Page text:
Short days, cold weather, the end of the holidays, and for some, abandoned New Year’s resolutions make for an explosive cocktail: the so-called “January blues”. Defined by feelings of low mood and sadness paired with a lack of energy and motivation, the January blues affect a large part of the global population, despite the feeling of isolation they can give.
In the UK, The Samaritans have assessed that 20% of people experience depression at this time of year, compared to 4.5% at any other time. In the US, 10 million people are affected by the January Blues, a mix of seasonal affective disorder (SAD) and post-holiday blues.
Are you getting the winter blues? Check out our tips to deal with the January blues and cope with low mood during darker days.
Seek the light
We mean that literally. Research into seasonal affective disorder suggests that a lack of sunlight could be affecting a part of the brain called the hypothalamus, resulting in changes in melatonin and serotonin levels as well as our internal clock.
Getting as much exposure to natural sunlight as possible can help you deal with low mood in winter. Try to go on a daily walk on your lunch break to get the most light. You can also use a lightbox to get your daily light fix when the sun gets shy.
Can’t seem to get rid of this one, can we? According to various studies, keeping active helps reduce depression and anxiety while also boosting self-esteem and cognitive functioning.
No need to run a marathon or to take up acrobatics. A simple walk or bike ride can do if you’re able to schedule those into your diary. Find a solution that works for you. Why not take this opportunity to catch up on your favorite podcast or call a friend?
Keeping warm can help you prevent colds and flu. However, the cold is not only a threat to your physical health. It can also affect your mental health. Your body uses energy to keep warm. That means being cold drains your energy and can make you feel tired and less inclined to do the things that make you feel happy and productive.
While energy bills are a concern this year, there are other ways you can keep warm if you’re reluctant to turn up the heat. Layer up and keep your feet warm with cozy socks to maintain your body’s temperature. Some people also like to take their shower in the evening to get warm before going to bed.
In winter, we tend to get attracted to foods that are not always what’s best for us. While cheese, potatoes and charcuterie might be winter staples for some, eating them regularly can affect your mental health along with your arteries.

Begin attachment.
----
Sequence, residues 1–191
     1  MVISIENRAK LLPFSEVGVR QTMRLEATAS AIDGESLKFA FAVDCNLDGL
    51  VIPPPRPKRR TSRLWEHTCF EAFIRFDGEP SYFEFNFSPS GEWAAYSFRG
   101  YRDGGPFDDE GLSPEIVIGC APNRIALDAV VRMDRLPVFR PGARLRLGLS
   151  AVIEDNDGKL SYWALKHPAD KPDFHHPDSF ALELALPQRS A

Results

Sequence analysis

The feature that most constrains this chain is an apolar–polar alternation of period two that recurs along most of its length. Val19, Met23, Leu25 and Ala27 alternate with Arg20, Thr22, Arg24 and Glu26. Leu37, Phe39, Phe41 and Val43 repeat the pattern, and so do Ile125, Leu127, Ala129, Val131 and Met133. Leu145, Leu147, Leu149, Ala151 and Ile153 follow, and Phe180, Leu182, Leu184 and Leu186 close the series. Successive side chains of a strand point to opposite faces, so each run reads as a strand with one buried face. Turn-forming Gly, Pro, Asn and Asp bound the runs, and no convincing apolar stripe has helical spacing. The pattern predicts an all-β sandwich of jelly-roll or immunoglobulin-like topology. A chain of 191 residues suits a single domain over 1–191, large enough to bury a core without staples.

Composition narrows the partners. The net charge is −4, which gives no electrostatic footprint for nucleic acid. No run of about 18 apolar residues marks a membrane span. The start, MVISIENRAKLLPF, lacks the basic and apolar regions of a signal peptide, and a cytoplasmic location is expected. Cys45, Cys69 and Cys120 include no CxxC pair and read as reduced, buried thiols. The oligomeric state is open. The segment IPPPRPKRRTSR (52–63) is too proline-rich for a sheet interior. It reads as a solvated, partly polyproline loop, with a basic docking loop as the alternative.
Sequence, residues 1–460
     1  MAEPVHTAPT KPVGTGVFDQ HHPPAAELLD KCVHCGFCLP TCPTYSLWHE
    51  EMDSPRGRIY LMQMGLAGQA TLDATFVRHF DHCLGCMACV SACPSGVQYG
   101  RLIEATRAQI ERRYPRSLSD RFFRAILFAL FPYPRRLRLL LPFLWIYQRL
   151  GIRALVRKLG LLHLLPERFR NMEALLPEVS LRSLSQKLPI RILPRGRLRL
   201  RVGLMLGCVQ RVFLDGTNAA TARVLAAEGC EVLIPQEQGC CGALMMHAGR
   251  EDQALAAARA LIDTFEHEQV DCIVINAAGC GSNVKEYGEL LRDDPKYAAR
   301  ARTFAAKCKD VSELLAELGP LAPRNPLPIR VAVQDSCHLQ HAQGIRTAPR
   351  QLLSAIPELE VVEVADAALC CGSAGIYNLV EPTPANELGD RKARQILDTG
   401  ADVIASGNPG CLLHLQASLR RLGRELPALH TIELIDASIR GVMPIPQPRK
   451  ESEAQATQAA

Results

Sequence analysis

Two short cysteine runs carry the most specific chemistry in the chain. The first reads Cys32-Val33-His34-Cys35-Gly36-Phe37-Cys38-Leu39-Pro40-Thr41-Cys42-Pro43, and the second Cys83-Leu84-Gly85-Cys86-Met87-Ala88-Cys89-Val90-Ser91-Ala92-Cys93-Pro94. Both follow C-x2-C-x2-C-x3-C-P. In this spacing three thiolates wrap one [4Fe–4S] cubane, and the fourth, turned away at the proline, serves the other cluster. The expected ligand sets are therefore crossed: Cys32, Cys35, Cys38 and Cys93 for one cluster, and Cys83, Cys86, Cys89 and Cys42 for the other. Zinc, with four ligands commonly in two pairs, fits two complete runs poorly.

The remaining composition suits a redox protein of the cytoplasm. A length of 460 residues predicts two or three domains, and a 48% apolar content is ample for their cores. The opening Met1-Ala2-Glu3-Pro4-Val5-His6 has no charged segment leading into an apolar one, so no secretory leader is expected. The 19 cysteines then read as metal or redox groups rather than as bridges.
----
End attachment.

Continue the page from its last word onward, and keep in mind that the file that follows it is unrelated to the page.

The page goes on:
Try to incorporate more healthy foods into your diet to fight low mood in winter. Leafy greens can help boost your immune system, and research such as this study from 2018 show that omega-3 fatty acids you find in mackerel, salmon, walnuts and even chia seeds can help reduce depression symptoms.
Read more about the best foods to fight depression here.
Improving your sleep schedule can help better cope with the January blues. Sleep and mental health are closely intertwined. Bad mental health can lead to sleep problems, but similarly, sleep problems can affect your mood.
Create a bedtime routine that will help you fall and stay asleep more easily to get the rest you need. Avoid screens in the last half hour before bed so you get time to relax and let go of the worries of the day instead of letting them emerge as soon as your head hits the pillow. You can also try journaling to better identify your worries and deal with them appropriately.
Try to go to bed at the same time every day, and strive to get good quality sleep, rather than focusing on how many hours you “should” be getting. Nowadays, most phones have a bedtime mode to help you log off at night and monitor your sleep to improve your habits.
Set realistic goals
January is the time of year we make New Year’s resolutions. It’s also the time of year we drop them. Setting over-ambitious goals in the middle of winter can be a recipe for disappointment.
Review your goals for the year and ask yourself how you can make them more realistic and achievable. Sometimes, it’s not about aiming for the moon. Taking baby steps toward your goals is great too!
Do something fun
The post-holiday blues can make everything feel very dull in January. After the holiday cheer, getting back to work and our daily routine provides a stark contrast. But who said the beginning of the year had to be boring?
Take the time to do things you enjoy. It could be curling up in bed with a good book, starting a new sketchbook, playing cards with friends, going swimming… Whatever floats your boat! Make sure your hobbies are not the first thing to go when you’re busy. You should allocate time to them in the same way you allocate time to your more “serious” activities.
Get on a social media detox
Several studies suggest a strong link between social media usage and symptoms of both depression and anxiety. Often used right before bed, social media has also been found to affect the amount and quality of sleep of users.
A 2018 study published in the Journal of Social and Clinical Psychology found that limiting social media use to half an hour each day could help improve wellbeing. Why not try a light social media detox to beat the January blues?
Practicing gratitude can help us pay more attention to the good things in life and “reprogram” our minds to focus on the positive.
One way to practice gratitude is to write down five things you’re grateful for every night before bed. It’s a way to look back on your day in a positive light and put your worries in perspective.
Try something new
Going back to your usual routine might feel a bit underwhelming after the cheer and warmth of the holidays. Why not spice things up with something new and exciting?